Dr. C’s Blog about Exploring the Herkimer Mining District
The Best Site on the Internet for Herkimer Diamond Information - A Collaborative Project.
Every year something new is discovered within the Herkimer Mining District. You can find these under New Discoveries
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Dr. C’s notes and personal reflections on his exploration of the Herkimer Mining District, and the collaborative research project, presented in a casual conversational format.
Blog note, Little Falls Mine Visit, May, 2016
When I was putting images of TCR material on the web someone wrote me and said, “We have stuff better than that in Little Falls”. I am always cautious when I hear this because I know that people seem to develop attachments to particular mine sites. There are folks who only go to DA or only go to AD, and quite naturally they will speak very highly of the “sparkle” that they find there. But shortly after I received this email praising Little Falls for its quality material I was able to see some of it at a mineral show. I was surprised at how similar it looked to the material from TCR. I had spent two summers (about 20 field days in total) investigating TCR and when I was invited this spring to visit the Little Falls mine while they are actively mining, I was excited to see for myself if any geologic similarities existed. As a side note: when I started this research one of the first things an old wise collector asked me about Herkimer diamond mines was, “How come they are all similar and yet different?” That question has never left my mind.I postponed writing about the trip in more detail because I did not want to release information about the crystal frost - the discovery of which was due in part to this trip. Samples from the visit provided clear photography of the new crystal frost, both as inclusions and free growing with hydrocarbon. The discovery of this came as quite a surprise. I was simply tracking down anything unusual connected to the quartz-hydrocarbon boundary. This comes as a follow-up to the sphere announcement in 2010. I discovered this unusual feature named “hopper weave texture”, named as such because of its similarity to hopper crystals, but clearly different. This was posted on the New Discoveries page: The hopper weave texture is quite common as a feature near the quartz-hydrocarbon boundary.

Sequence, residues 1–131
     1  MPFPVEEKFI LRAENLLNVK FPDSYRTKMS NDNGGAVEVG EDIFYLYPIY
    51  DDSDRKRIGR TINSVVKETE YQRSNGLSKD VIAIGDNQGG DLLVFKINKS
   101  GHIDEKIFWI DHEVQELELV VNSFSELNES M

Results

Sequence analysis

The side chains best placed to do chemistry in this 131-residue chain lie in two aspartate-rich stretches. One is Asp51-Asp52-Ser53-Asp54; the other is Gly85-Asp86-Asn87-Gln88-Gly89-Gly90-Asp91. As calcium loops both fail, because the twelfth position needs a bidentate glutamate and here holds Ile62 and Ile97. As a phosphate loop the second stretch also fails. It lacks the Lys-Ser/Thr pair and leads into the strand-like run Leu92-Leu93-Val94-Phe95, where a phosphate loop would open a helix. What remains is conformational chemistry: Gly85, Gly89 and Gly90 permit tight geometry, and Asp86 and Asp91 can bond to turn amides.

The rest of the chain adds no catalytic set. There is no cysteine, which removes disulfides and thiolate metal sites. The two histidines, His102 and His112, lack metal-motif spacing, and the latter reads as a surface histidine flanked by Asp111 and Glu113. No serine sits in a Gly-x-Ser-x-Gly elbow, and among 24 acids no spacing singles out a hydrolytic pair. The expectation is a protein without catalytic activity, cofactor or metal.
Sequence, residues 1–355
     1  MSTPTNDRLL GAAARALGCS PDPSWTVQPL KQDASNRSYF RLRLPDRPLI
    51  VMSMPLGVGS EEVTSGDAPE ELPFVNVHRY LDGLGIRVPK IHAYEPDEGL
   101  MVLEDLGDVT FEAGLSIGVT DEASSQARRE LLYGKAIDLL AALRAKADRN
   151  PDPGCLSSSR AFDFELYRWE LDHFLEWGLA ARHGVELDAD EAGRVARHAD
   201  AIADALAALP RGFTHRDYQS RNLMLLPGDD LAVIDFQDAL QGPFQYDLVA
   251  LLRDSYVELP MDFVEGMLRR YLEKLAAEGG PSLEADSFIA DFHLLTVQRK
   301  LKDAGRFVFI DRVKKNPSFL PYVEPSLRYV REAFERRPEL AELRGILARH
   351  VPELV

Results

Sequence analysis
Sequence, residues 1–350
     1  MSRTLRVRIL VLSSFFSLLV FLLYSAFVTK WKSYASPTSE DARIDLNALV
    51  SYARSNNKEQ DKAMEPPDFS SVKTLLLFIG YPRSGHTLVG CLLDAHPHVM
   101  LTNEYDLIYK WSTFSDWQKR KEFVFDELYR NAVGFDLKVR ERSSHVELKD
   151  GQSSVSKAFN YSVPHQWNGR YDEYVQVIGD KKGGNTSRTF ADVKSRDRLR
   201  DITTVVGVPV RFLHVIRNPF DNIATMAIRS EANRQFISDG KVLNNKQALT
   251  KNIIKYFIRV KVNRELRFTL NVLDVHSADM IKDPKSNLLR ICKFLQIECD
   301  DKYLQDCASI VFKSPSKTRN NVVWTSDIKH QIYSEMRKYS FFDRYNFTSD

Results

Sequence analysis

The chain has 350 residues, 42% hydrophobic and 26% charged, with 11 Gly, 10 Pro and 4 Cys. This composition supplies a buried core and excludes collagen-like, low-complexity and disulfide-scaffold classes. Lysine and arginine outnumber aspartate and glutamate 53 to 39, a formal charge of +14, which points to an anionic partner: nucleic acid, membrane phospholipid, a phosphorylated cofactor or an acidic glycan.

The search for what might happen at the quartz-hydrocarbon boundary has to be done with an open mind, open to see anything. Who would have thought spheres would exist! The only mental bias I had was that I wanted samples with both quartz and hydrocarbon, and as fresh as possible. I also needed clear Herkimer diamonds to look through so i can try to determine the cause of the hopper weave texture.